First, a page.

14. On a hopefully happier note, what was your favourite scene to film?
Well, we had a scene with the leeches which sadly was cut but they were extraordinary things - I always like coming into contact with unusual stuff at work , it’s one of the perks. And Tamla was very welcoming and very, very good, which makes your job a hell of a lot easier (it’s hard to be in the moment when the person opposite you is doing something bizarre).
15. From snippets of information that have come from the show’s producers, we’ve seen that the occasional ad-lib did make it through to the final edits. Are there any parts of Lemay’s portrayal that stem from your own interpretation of the character?
I honestly can’t remember! Things have got stricter in the last few years, so I tend to run any thoughts past the director. I think on this occasion my ad-libs were kept to a minimum.
16. One thing we did hear from Adrian was that although it never made it to print or screen, in his mind Lemay’s first name was always François. Were you aware of that or did you have another name in mind for him?
I don’t think I did know. I played a captain at the Battle of the Somme years ago called Charles May, so I though of Lemay as another Charles.
17. Can you share any behind-the-scenes moments with us, maybe an ‘out-take’ or a ‘blooper’?
Um…. I dropped a leech on the Dauphin - fortunately just the doll. Otherwise, only the usual forgotten lines, I’m afraid.
18. You’ve done a lot of period work. How did your costume compare with those from other roles, and can you tell us anything about it?
I tell you, the heels were murder! After a day of standing up, my calves were killing me! I don’t know how the regulars do it. Otherwise, it was rather comfortable and quite flattering, I thought. Not quite up to late 19th century though. That’s my favourite.
19. If Lemay was to have had his own spin-off series, how do you think he would feel about starring in a period version of CSI:Paris with Poupart (the fascinating gentleman from the mortuary scenes in series 1) and Constance as a crime-busting trio?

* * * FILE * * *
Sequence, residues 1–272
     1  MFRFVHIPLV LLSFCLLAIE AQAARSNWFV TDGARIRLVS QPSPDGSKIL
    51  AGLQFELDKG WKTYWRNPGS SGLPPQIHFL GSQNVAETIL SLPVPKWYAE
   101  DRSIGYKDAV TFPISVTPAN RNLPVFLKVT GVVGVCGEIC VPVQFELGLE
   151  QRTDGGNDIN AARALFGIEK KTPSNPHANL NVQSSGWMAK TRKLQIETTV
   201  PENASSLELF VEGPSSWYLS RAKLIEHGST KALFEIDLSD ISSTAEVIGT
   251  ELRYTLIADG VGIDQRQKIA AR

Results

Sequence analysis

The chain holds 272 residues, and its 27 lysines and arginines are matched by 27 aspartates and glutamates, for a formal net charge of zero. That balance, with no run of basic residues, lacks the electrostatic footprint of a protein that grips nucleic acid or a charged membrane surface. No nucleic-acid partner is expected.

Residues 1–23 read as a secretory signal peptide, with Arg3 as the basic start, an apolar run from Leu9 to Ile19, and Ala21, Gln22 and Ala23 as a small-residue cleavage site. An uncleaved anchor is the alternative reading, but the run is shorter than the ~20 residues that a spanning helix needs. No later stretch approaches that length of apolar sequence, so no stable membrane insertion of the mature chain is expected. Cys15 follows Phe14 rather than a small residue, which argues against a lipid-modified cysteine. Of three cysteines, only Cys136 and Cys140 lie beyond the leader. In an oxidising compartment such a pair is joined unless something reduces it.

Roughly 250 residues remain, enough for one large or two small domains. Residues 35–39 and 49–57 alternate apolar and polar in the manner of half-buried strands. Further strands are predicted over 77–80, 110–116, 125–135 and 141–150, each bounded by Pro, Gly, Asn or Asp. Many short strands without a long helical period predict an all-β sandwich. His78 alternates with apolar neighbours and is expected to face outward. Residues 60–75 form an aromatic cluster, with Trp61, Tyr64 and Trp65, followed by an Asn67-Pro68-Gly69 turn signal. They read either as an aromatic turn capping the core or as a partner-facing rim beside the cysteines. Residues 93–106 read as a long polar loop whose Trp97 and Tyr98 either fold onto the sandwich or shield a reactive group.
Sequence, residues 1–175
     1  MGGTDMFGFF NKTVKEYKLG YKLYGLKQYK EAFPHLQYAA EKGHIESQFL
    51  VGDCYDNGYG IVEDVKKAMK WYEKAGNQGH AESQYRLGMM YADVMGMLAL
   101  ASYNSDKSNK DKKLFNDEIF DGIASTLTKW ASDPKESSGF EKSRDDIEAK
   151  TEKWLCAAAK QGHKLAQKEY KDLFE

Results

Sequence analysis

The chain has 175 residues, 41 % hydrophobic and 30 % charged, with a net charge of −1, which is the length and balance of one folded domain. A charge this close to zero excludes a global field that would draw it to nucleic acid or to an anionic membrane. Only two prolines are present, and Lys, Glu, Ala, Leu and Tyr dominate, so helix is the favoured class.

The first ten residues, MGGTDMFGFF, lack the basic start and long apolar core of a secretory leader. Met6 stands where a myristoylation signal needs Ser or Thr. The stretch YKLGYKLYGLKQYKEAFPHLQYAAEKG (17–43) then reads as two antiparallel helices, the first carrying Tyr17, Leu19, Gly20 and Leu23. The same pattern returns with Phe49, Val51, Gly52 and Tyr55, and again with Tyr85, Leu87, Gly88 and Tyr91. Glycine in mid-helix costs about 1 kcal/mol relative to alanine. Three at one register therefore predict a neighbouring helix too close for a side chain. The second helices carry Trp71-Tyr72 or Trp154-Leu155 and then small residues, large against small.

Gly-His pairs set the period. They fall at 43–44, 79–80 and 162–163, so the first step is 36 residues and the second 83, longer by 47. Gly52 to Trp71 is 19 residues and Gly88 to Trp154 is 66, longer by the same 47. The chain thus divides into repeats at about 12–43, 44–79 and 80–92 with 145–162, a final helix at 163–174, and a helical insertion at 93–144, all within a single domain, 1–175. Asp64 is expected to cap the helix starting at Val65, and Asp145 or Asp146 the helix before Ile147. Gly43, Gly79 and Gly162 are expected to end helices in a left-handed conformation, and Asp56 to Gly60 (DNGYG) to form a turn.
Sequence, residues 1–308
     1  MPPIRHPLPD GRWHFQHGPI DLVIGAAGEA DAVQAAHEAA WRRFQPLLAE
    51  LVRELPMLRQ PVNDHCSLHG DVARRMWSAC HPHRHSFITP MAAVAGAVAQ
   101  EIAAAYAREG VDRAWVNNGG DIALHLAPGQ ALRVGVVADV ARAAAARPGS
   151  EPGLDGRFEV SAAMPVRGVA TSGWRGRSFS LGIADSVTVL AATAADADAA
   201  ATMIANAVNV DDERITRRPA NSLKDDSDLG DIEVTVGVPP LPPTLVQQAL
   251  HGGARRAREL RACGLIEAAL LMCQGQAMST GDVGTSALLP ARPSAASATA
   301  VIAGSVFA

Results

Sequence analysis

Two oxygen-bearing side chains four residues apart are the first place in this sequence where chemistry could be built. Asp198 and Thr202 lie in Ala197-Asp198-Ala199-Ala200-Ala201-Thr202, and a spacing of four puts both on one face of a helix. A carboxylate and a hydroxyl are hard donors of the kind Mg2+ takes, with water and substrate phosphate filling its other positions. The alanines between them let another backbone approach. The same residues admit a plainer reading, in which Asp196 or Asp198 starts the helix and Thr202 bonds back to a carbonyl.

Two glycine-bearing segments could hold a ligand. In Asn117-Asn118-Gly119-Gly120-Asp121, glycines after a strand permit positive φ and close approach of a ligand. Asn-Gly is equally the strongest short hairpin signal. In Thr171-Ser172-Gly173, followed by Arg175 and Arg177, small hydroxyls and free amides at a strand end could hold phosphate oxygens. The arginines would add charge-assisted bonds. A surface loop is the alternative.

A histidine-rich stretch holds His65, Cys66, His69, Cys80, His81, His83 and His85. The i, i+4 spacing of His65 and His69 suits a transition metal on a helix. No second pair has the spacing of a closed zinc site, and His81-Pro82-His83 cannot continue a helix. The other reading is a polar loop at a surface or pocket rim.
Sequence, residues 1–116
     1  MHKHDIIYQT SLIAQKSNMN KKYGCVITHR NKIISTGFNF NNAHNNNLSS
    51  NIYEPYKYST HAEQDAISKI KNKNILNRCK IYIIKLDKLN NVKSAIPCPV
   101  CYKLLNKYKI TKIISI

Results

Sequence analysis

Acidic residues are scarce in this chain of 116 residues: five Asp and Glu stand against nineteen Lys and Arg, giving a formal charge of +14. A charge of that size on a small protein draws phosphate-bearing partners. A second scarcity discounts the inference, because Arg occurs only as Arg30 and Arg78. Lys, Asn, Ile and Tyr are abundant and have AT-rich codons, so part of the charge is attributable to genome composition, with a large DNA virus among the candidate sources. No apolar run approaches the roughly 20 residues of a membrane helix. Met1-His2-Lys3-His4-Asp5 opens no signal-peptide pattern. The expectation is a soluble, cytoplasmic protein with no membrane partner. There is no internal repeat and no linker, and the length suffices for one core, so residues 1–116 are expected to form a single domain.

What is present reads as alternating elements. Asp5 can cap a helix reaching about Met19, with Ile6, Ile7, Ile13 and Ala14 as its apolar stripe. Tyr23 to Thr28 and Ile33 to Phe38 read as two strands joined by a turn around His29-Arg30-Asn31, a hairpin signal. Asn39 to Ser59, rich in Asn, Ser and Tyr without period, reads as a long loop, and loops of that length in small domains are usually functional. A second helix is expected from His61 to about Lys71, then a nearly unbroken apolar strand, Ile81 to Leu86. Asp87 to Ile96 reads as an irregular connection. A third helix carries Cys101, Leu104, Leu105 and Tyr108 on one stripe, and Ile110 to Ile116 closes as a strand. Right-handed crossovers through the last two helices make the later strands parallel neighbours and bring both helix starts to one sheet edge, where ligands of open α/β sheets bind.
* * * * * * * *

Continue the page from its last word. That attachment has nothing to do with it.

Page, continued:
Where do I sign? Always delighted to share screentime with Tamla.
20. Were you already aware of the strength of the fan’s reactions to Lemay as a character and their deep affection for him, and how do you feel about this?
I genuinely did not! I’m only sparingly engaged in social media but I’m very gratified. I don’t think the majority of actors set out to make the audience ‘like’ them, rather believe them. But it’s hard to achieve the former without the latter, so I’m properly chuffed. Thank you all for the support - maybe there’s a Lemay twin brother…?
I’d like to say thanks again for taking the time to do this interview and I’d also like to thank the many fans from the online communities on Live Journal, Tumblr and Twitter who contributed many of the questions. Doctor Lemay was much loved and will be very sorely missed! Thanks are also due to Ed’s agents for all their help with this and for and providing the photo for our use.
Truth be told, Upstairs Downstairs is rubbish. No wonder it was cancelled. But The Duke of Kent and Sir Hallam…more than a Bromance I’d say. I was waiting for this to happen. I guess I’ll have to wait forever. :’(
So I’m in the middle of writing a sequel to primum non nocere featuring our esteemed Dr. Lemay, so, out of idle curiosity, I googled the actor who plays him, Mr. Ed Stoppard.
Upon perusing his twitter page, I came across this glorious rant:
I would imagine this is exactly how Lemay would reason the world around him, and exactly how he would get kicked out of 17th century surgeons’ meetings. “Surely, Monsieur Gerard, if you insist on sticking that blade still encrusted with the pus from your previous patient into that poor unsuspecting man, you can hardly blame God for taking his soul purely on account of saving him from that revolting smell?”